calf workouts, entraînement des mollets

Luke Sauder’s Calf Workouts – Grow Your Calves into Cows

Working calves involves all the brain work you can muster. Calves, physiologically speaking, are problematic.

I developed this calf routine a few year ago for one of my athletes in the National Alpine Ski Team. It works wonders.

A lot of trainees are frustrated with their calf training. In fact the optimum loading parameters for lower leg development are a lot more restricted than they are for, say arm training. Contrary to something like biceps work, your calf exercise repertoire is rather limited. To counter this, you have to be more diligent about manipulating reps, sets, and even rest intervals to give yourself more exercise routine permutations. Another problem is that calf movements only offer a limited range of motion.

Let’s say you were doing squats. The range of motion in a squat is considerable and it’s easy to vary the tempo. For example, it might take you 3, 4, 5 or more seconds to complete the eccentric portion of the movement. However, during calf exercises, you have a limited range of motion and you can’t vary your tempo as easily as you can in the squat or other exercises. During the Winter Olympics in Nagano, a bunch of my athletes from different sports were riding the bus after an event.

For some reason, they started discussing the merits of the calf routines I had given them. The one I had given to Luke Sauder, one of my alpine skiers kept coming back in the conversation. One skier recalled the fact that Luke had come into training camp sporting a new pair of calves. The ski company rep was actually freaking out because he had to remold him all his boots. I recalled that Luke had wanted a calf routine because big calves prevent knee injuries in alpine skiing. Calve actually provide a cushion to prevent the skier’s knees from reaching too acute an angle as they jet down a mountain.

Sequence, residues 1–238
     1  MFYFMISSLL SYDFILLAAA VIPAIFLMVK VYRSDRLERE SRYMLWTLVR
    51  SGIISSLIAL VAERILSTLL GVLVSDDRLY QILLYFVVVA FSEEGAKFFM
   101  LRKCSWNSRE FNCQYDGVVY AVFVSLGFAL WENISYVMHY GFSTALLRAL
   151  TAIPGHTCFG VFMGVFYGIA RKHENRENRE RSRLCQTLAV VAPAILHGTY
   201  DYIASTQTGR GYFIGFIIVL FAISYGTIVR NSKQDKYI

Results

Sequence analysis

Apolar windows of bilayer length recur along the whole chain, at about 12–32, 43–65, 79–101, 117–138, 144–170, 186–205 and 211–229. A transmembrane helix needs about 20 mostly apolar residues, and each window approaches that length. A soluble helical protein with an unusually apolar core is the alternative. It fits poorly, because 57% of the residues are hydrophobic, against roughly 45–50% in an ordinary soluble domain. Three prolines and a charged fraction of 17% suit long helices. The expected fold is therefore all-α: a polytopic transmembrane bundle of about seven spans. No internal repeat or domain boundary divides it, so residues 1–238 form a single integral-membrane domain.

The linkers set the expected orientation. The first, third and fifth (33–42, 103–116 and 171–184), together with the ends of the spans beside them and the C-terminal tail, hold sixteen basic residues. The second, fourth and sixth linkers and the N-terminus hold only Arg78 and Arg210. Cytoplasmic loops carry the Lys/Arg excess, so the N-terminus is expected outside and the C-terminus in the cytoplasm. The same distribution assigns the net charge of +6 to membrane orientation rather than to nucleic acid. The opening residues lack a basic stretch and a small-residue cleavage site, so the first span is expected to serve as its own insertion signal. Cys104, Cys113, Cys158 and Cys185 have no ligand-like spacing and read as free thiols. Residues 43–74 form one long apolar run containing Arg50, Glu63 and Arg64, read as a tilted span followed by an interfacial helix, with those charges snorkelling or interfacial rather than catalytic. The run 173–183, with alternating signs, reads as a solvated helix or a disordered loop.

Anyhow, back home, I dug out Luke’s routine from my computer archives. It’s one that would serve anyone well.

Here it is:

The Luke Sauder Calf Routine

Day 1: High-Volume

Exercise A: Calf Superset*

A1) Seated Calf Raises 3 x 10-5-5 (one set of 10 reps, followed by two drop sets of 5 reps) at a 1010 tempo to lower the weight, no pause, and 1 second to raise the weight)

A2) Donkey Calf Raises 3 x 30-50 at a 10X0 tempo

*After finishing a set of the A1 exercise, proceed immediately to exercise A2. Then rest two minutes before repeating the super set.

Exercise B: Standing Calf Raises

B1) Standing Calf Raises 10 x 10-30 at a 11X0 tempo, ten seconds**

**In other words, you’ll be doing one, long, extended set, resting ten seconds between each mini-set and lowering the weight in between.

After day one, you’ll probably have to call the fire department to extinguish the fire in your calves. You may also find that you have the same walk as Homer Simpson’s 80-year-old father.

Day 2: Low-Volume (to be done 48 hours after Day 1)

Exercise A: Triple Drop Standing Calf Raises

A1) Triple Drop Standing Calf Raises 3 x 10-10-10 (in other words, three drop sets) at a 1210 tempo,*** resting 90 seconds between sets.

***The pause is taken in the bottom stretch position, and be sure to take the full two seconds.

This routine provides freaky size increases. As you can see, it uses a great number of total reps. I’ve found that in order to build calves, you need some frequency of training and some volume, but you can’t have both high volume and high frequency.

Therefore, I advise training them twice over a five-day cycle, one workout being very high sets (16) and high total reps (250-510 reps); and the other being low sets (3) for a low amount of total reps (90). I’ve known people to gain in between 5/8ths of an inch to a full inch with this routine in as little as 30 days.

Train hard!

Coach Charles R. Poliquin